Monday, March 29, 2021

"First Goddamn Week Of Winter..." - Snow-Bound.

Misery (1990).

This is entirely intended to be used for survival scenarios - it might not be suitable for ongoing, in-game weather.

It's a blunt instrument that treats a night in the desert the same as a season at McMurdo Sound or an hour on the frozen lake around Satan's genitals or a bad day on the mountainside.

Unspecified variables of shelter, clothing, equipment and morale-sapping accident can adjust dice rolls, damage suffered, time needed to recover etc.

Gaming terms are generic - disadvantage could mean roll-twice-keep-worst or a penalty to the roll; saves are actual saving throws or relevant ability checks; 'Classic Six' Ability Scores should be easy enough to interpret; same for 'proper' names of conditions and spells.

My starting point was 1e AD&D Wilderness Survival Guide, but that's heavy on the tables, the variables and the Fahrenheit. It's there if you want it. Working on the Outer Space hazards gave me some ideas that I've applied here.

As an option, Hypothermia (or just being cold enough) or being in a Whiteout could be Altered States, if that sort of thing is part of your game.

Cold Conditions - An Easy Way.

Fold everything in together and abstract it as follows.

When it's cold, you take 1 (or more) temporary damage to CON, DEX and WIS every time you fail a save - and you make a save every time unit you spend in those conditions, with adjustments to the roll for wearing the proper clothes, or being soaked to the skin, or being a bare-chested barbarian.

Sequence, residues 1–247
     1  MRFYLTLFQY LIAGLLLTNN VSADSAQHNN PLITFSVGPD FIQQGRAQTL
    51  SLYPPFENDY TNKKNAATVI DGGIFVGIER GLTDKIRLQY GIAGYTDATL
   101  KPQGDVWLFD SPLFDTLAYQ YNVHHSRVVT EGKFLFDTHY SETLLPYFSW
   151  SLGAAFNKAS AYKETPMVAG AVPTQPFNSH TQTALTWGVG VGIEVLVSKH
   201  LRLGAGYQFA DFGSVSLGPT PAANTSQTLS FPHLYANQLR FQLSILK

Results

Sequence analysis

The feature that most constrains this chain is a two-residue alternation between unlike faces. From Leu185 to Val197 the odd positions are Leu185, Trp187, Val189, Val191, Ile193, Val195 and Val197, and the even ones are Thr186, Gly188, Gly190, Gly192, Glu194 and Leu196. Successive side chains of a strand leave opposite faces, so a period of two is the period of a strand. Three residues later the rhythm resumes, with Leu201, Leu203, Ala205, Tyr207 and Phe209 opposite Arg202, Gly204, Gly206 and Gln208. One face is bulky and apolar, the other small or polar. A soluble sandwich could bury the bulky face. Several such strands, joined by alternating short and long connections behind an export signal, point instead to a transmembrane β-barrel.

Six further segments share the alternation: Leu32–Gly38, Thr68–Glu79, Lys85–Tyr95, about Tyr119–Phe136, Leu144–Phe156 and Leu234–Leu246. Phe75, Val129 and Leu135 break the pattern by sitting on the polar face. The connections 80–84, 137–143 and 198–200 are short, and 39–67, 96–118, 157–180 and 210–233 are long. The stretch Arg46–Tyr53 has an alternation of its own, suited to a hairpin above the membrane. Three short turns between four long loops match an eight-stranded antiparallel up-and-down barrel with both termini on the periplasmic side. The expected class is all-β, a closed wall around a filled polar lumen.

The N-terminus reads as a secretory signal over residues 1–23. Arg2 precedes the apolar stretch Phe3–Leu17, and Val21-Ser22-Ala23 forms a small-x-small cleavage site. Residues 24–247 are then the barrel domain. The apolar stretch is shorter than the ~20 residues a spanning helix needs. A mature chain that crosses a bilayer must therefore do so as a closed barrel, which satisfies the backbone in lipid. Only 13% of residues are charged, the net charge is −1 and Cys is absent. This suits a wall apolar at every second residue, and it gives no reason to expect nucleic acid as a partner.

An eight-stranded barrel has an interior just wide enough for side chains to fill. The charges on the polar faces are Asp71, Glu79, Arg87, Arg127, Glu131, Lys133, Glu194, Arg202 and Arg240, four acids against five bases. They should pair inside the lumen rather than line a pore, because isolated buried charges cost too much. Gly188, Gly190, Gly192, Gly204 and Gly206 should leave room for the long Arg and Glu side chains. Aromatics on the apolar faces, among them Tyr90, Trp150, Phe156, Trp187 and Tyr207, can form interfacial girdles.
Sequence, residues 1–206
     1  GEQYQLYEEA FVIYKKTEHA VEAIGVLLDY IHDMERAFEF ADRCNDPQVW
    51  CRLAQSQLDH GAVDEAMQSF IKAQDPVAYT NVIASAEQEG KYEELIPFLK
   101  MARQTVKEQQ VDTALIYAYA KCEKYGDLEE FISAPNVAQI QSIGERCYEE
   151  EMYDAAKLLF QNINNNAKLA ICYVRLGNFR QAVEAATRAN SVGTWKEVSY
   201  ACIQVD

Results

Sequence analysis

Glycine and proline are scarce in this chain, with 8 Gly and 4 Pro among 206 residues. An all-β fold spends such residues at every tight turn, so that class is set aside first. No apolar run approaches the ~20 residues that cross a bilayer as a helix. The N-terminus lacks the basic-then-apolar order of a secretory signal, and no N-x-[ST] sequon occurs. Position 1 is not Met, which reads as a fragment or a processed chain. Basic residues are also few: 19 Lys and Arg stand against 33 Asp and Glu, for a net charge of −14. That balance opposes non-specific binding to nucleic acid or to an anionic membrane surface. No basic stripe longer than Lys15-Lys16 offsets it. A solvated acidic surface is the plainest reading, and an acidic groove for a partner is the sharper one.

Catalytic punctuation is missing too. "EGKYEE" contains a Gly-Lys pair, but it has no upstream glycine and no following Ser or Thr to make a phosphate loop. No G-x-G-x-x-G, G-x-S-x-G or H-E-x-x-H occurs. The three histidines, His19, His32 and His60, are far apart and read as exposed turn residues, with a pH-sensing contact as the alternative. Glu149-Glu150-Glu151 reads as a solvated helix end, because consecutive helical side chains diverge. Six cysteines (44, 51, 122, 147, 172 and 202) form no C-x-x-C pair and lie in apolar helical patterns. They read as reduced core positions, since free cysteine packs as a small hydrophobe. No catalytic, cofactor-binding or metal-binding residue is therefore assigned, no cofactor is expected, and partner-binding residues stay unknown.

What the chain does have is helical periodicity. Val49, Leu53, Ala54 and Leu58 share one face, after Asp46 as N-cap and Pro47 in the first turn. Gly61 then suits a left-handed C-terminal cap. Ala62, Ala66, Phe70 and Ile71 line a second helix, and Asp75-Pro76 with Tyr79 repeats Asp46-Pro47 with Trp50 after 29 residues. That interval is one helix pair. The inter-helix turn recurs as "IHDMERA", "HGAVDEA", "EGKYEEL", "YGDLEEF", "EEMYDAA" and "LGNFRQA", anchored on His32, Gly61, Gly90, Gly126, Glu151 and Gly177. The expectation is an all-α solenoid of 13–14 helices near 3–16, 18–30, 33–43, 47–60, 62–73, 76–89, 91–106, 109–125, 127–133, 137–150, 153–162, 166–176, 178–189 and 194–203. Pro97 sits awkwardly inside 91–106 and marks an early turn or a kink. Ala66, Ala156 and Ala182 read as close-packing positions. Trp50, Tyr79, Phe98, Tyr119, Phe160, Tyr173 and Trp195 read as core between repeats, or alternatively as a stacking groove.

The frequency of the save determines the severity of the cold: shorter time between saves is worse.

If any Ability Score hits 0, you collapse and take d6 hits per time unit until you are rescued or you die. 

Ability Scores recover at a rate of 1/hour in warmth and shelter.

(You could also mod this for hot conditions - temporary damage to DEX, INT and STR, and recovery requires shade and water)

Cold Conditions - Further Elaboration.

Severity is based on the length of the time units that trigger a save or are counted against your CON (or fraction of CON).

Failing a save or hitting the limit means you suffer harm: -1, -3 then -6 to STR, CON and DEX (does not stack).

Ability Scores recover at 1/hour in warmth and shelter.


If you fail 3 cold saves in a row or hit a pre-determined CON threshold, you will begin suffering from Hypothermia.

For each time unit you suffer Hypothermia, you advance levels of harm:

  • Disadvantage on attacks and manipulation (or -2 attack penalty).
  • Move rate halved, always lose Initiative, disadvantage on movements and manoeuvres (or slowed).
  • Disoriented, disadvantage on CHA, INT and WIS (or confusion).
  • Save per time unit or pass out (or damage per time unit).
  • Save per time unit or die (or damage per time unit).

Recovery is at the rate of 1 hour per level of harm once you're out of danger - regaining Ability Scores can stack with this if you're being properly looked after, otherwise it all happens in reverse order.

(This only slightly modified subsystem has been cheerfully pillaged from Leicester's Ramble because Vance's is better than the one I was trying to construct from the Wilderness Survival Guide)